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Eight more corporate area schools are to benefit from the Reading for Educational Achievement and Development Programme (READ), which is aimed at improving the reading and comprehension skills of basic school students in inner-city communities.
Barita Education Foundation, which is the local implementing agency for the programme, has partnered with Digicel Foundation to expand the reach of the initiative, which is in place in 18 inner-city schools.
Speaking at the launch of the partnership at the Christ Church Basic School in Vineyard Town, Kingston, yesterday (March 12), Board Director of the Barita Education Foundation, Marie Hitchins, said that due to the success of the programme, a number of corporate bodies have approached Barita “with a view to providing additional support through active partnerships.”

Executive Director of Digicel Foundation, Major General Robert Neish (right) and Chairperson of Digicel Foundation, Lisa Lewis (centre) listen keenly as widower of Lakeisha Williams, Marlon Williams, makes a point, while holding his daughter, Gabrielle. Occasion was the official launch of an education partnership between Digicel Foundation and Barita Education Foundation and the renaming of eight resource centres in honour of the late Mrs. Williams, who was Administrator of the Barita Education Foundation. The function was held at Christ Church Basic School in Vineyard Town, Kingston on March 12.

She explained that under this newest joint venture, Barita would focus on the training of teachers, while Digicel Foundation would fund the construction of resource centres and the refurbishing of other areas as needed, in addition to paying the salaries of four to eight teachers.
In his remarks, Executive Director of Digicel Foundation, Major General Robert Neish, said that the Foundation was proud of the partnership, noting that literacy was not just the Ministry of Education’s responsibility. “It is everybody’s responsibility and we, as private non-profit organisations, play a significant role in helping to provide financial, infrastructural, technical and educational support to these schools that are faced with literacy challenges,” he stated.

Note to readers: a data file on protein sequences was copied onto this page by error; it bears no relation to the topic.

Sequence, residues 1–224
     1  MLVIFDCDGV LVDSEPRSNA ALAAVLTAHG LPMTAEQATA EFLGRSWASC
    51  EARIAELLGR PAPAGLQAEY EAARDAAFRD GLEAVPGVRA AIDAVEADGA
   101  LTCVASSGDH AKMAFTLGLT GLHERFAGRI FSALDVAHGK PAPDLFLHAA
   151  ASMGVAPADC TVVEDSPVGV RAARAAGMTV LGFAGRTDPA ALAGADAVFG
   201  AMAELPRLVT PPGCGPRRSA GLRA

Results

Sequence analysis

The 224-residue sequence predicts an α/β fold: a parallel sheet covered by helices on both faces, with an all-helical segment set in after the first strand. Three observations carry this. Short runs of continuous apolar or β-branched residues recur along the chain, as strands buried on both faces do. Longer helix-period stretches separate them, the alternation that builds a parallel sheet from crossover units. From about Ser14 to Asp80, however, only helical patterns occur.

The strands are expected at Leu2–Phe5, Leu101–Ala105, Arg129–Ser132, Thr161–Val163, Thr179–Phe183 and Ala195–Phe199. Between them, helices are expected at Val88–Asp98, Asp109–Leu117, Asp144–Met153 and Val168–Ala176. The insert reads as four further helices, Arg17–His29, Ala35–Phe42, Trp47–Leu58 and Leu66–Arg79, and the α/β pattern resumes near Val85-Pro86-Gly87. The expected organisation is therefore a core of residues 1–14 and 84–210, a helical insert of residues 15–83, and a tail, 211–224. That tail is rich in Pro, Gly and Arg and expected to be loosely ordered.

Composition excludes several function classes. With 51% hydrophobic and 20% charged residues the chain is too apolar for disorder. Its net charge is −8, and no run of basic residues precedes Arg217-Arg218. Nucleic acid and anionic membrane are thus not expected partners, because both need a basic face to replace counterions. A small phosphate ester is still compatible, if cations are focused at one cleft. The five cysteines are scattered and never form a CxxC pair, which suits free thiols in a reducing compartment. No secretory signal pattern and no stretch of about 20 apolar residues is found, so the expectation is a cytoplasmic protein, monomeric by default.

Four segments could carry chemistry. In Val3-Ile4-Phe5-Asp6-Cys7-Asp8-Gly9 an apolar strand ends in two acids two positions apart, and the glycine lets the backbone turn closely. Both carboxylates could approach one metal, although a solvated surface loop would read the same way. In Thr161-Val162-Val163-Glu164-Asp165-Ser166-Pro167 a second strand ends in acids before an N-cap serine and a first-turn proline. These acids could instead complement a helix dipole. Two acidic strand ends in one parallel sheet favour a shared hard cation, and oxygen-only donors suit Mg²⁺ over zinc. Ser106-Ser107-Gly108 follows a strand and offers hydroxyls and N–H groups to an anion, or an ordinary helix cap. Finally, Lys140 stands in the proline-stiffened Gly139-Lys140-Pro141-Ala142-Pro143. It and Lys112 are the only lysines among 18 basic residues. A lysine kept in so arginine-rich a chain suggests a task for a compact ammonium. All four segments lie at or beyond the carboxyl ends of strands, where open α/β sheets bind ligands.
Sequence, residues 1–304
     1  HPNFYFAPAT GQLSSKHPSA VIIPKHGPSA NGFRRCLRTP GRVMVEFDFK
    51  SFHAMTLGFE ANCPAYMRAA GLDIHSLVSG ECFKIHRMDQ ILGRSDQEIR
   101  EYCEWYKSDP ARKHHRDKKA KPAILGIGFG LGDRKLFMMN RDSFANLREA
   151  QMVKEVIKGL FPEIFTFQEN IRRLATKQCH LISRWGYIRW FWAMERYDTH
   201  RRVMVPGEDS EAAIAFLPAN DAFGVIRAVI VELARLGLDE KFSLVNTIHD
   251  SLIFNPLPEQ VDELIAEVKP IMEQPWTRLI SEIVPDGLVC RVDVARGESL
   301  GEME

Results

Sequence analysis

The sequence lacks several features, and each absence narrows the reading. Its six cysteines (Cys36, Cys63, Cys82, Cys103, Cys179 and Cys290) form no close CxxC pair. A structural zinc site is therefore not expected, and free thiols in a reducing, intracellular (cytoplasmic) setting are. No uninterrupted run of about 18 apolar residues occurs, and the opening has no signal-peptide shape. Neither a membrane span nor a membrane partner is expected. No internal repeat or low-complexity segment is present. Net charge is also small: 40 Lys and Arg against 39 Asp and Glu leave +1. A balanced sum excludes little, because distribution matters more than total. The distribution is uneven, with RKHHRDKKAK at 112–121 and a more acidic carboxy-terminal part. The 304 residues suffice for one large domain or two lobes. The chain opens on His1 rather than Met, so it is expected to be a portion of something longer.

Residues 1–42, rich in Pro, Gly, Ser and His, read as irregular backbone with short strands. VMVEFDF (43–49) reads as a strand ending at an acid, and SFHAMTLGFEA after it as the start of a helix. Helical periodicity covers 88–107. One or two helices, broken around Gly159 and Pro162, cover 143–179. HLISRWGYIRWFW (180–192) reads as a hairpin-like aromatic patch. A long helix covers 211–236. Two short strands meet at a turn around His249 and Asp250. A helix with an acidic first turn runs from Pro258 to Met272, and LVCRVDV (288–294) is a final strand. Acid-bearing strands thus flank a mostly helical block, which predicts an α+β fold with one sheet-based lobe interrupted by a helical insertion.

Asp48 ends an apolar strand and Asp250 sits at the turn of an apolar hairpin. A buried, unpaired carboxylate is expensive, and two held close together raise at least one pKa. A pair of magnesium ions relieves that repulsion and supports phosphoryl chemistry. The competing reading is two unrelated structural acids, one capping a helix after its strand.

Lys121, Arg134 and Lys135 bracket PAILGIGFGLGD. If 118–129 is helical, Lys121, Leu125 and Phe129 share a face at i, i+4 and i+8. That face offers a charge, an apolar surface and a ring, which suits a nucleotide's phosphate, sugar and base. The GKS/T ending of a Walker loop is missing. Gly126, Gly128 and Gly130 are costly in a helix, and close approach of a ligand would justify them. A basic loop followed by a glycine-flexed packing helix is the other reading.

He said that eliminating literacy at this early stage would remove the embarrassment, stigma and frustration that illiterate young people feel.

Chairperson of Digicel Foundation, Lisa Lewis (right) and Chairperson of Barita Education Foundation, Rita Humphries-Lewin, look on as widower of Lakeisha Williams, Marlon Williams, unveils a plaque to officailly rename eight resource centres in honour of Mrs. Williams, who was Administrator of the Barita Education Foundation. The function was held at Christ Church Basic School in Vineyard Town in Kingston on March 12.

First introduced at the St. Martin de Porres Schools in Gordon Town some 10 years ago, READ uses a comprehensive strategy in training teachers on best teaching practices so that they can help improve performance in basic schools.
It is a balanced and integrated language arts programme incorporating and consolidating the elements of listening, speaking, reading, writing and comprehension. It uses carefully sequenced, systematic phonetic instruction to build fluent independent readers.
At the launch, the eight resource centres were renamed in memory of the late Administrator of the Barita Education Foundation, Lakeisha Williams, who played an integral role in the implementation and execution of the READ programme.

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